Australian wheelchair tennis coach Greg Crump recognised with top international honour
Greg Crump 'Crumpy' has been named as the recipient of the ITF’s Brad Parks Award in recognition of his significant contribution to wheelchair tennis.
Tennis Australia’s Wheelchair Tennis Coach Greg Crump has been named as the recipient of the ITF’s Brad Parks Award in recognition of his significant contribution to wheelchair tennis in a career spanning more than 30 years.
Named after the founding father of wheelchair tennis, the Brad Parks Award is one of the most prestigious in wheelchair tennis. It is presented to an individual or organisation that has made a significant impact on the sport at both a national and international level.
Greg Crump, affectionately known as ‘Crumpy’, started his involvement with wheelchair tennis in the 1980’s after learning about the sport during a trip to the United States. Inspired by what he saw, Crump began volunteering at local rehabilitation units and in 1988 Tennis Australia appointed him National Wheelchair Tennis Coach.
Crump’s distinguished achievements in the sport have seen him lead Australia to five World Team Cup titles as captain and support the national team at five Paralympic Games, from 1996 to 2012.
He has also mentored a trio of former world No.1’s, and some of the world’s finest wheelchair athletes, such as 17-time wheelchair tennis Grand Slam champion David Hall, dual Paralympic medallist Daniela Di Toro, and most recently Dylan Alcott, four-time Australian Open quad singles champion and two-time tennis Paralympic gold medallist.
In addition to his contribution to the Performance Team, Crump has played a fundamental role in the education and development of wheelchair tennis in Australia. He has served as a member on both the International Wheelchair Tennis Association (IWTA) Committee and the ITF Wheelchair Tennis Committee. He is also a passionate supporter of the ITF’s Wheelchair Tennis Development Fund.
In his current role at Tennis Australia Crump visits rehabilitation facilities across the country, helping to develop talented youth, facilitate programs for individuals with recently acquired injuries so they can resume activity, and educate coaches and parents about the sport.
“When I first found out I was receiving the Brad Parks Award I was genuinely chuffed,” Crump said.
“To receive an award of this calibre is something I could never have imagined, and I’m honoured to be recognised in this way.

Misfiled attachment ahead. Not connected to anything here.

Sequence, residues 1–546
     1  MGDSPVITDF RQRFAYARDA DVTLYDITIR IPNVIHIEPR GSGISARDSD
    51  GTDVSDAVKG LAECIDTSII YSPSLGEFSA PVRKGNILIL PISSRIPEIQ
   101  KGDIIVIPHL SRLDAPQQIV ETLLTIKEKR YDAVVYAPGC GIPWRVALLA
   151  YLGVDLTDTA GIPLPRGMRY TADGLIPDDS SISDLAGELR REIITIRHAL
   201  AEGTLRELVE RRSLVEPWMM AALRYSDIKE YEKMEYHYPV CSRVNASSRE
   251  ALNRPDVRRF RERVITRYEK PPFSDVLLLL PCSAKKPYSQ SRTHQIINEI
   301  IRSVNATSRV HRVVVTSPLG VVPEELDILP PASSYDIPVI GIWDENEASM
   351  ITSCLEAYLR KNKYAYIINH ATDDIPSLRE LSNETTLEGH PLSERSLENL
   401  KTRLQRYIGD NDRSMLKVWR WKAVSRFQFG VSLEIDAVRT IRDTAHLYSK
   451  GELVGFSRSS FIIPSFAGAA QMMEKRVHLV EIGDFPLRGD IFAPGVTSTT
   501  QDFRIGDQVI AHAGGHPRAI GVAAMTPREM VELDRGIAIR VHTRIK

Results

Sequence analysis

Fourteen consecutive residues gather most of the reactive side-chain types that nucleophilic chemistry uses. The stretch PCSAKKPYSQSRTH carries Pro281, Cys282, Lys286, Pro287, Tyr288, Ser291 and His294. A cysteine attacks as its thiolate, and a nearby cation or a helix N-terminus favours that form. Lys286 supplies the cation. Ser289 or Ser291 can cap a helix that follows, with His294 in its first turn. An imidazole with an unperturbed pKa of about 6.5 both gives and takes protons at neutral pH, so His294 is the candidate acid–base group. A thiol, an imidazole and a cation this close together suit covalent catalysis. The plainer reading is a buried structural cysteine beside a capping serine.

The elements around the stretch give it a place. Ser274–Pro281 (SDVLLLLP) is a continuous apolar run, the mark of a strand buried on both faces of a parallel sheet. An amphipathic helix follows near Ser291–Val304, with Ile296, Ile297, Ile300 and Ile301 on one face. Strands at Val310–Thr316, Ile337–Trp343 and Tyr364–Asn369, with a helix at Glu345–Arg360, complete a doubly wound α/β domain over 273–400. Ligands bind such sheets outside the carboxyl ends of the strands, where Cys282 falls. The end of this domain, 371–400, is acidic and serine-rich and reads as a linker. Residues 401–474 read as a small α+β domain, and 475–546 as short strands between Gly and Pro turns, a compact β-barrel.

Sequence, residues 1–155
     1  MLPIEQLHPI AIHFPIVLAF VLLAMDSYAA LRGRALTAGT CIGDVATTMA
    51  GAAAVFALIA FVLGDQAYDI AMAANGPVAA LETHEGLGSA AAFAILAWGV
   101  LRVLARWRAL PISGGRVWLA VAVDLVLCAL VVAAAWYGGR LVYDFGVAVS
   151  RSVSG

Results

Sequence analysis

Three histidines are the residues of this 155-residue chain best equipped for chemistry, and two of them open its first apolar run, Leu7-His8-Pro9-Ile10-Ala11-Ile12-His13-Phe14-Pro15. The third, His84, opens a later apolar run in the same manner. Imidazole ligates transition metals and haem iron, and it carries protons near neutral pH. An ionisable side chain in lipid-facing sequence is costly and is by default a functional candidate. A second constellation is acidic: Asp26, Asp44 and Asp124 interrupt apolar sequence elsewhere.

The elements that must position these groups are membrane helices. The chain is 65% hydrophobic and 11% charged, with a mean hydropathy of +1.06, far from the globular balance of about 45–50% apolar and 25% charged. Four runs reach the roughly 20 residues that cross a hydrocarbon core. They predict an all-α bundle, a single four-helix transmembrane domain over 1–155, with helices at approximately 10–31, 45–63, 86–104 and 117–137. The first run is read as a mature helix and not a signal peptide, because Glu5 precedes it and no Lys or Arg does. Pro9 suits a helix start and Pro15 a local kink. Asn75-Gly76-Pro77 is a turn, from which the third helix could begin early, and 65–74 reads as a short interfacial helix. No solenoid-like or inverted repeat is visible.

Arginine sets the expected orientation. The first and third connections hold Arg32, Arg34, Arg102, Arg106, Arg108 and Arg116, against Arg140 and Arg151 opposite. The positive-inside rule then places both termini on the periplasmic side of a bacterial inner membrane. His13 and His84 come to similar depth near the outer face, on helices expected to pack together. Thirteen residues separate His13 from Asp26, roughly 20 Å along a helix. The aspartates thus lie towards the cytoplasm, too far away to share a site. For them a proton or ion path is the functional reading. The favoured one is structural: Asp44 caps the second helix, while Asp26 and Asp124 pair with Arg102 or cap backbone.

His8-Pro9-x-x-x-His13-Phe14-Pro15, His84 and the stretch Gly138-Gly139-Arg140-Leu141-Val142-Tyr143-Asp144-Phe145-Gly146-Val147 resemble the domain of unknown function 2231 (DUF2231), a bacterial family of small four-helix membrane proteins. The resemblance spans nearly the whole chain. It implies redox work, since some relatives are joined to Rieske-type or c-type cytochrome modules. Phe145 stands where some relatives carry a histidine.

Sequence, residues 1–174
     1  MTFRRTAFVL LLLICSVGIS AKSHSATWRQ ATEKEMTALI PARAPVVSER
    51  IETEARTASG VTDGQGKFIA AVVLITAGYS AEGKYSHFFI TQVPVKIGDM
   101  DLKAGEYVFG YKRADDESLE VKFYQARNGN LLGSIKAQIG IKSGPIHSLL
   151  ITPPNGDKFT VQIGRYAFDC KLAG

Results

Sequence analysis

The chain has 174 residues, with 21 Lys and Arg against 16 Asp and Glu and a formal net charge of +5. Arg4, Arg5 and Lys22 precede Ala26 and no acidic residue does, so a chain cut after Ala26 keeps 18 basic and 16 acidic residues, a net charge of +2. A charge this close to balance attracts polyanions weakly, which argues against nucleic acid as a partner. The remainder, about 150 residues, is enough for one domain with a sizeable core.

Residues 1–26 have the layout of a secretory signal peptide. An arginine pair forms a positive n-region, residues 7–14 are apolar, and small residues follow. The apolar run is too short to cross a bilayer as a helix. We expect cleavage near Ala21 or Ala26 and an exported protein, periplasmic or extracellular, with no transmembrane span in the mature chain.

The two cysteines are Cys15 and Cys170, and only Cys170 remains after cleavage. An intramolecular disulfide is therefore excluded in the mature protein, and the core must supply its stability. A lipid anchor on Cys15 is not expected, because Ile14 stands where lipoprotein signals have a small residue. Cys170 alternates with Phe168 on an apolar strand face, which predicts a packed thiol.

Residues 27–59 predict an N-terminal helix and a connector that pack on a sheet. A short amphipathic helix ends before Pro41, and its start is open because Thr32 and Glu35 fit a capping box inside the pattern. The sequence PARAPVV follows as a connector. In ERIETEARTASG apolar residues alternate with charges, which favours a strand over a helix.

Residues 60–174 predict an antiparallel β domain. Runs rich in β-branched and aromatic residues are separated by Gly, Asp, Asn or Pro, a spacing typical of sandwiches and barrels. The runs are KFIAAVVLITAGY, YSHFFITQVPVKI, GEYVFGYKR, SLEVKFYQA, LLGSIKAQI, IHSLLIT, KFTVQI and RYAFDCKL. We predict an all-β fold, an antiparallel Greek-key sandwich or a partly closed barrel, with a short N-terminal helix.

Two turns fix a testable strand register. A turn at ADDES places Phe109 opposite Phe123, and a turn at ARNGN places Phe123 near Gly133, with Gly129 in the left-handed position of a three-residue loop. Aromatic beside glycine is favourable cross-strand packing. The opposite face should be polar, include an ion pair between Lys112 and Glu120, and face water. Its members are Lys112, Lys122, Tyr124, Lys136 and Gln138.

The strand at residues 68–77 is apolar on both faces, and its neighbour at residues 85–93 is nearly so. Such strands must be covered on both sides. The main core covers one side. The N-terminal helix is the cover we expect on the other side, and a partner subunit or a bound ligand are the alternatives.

“When I first started in the sport, more than 30 years ago, there was limited support and recognition for athletes with disabilities. In my time at Tennis Australia I’ve seen a massive growth in accessibility to the sport, recognition of the athletes and a major increase in funding for wheelchair sports, not just in tennis but across the spectrum.
“I hope in the future that more juniors get involved in the sport and recognise the benefits of getting out there and being active,” Crump continued.
In paying tribute to Crump’s contribution to wheelchair tennis Brad Parks told the International Tennis Federation: “I have known Greg for many years and I can’t think of anyone more deserving of this award, acknowledging Greg’s involvement with wheelchair tennis,“ Parks said.
“For decades he has been extremely dedicated to the sport and has helped coach all the great Aussies from Mick Connell and Danni Di Toro to David Hall. Thank you Greg for all you have done for wheelchair tennis.”
“Greg has played an integral role in wheelchair tennis for more than 30 years, and there is no one more deserving to receive the Brad Parks Award,” Tennis Australia CEO Craig Tiley said.
“Greg’s invaluable skills on-and-off the court, his expertise and his passion for the sport and the athletes he works with make him one of the most respected members of both the Australian and international wheelchair tennis communities. We are humbled to have him as part of the Tennis Australia team,” Tiley continued.
Crump is the fourth Australian to receive the Brad Parks Award after Graeme Watts (1997), former ITF President Brian Tobin (1999), six-time ITF Wheelchair Tennis world champion and Sydney Paralympic gold medallist David Hall (2015).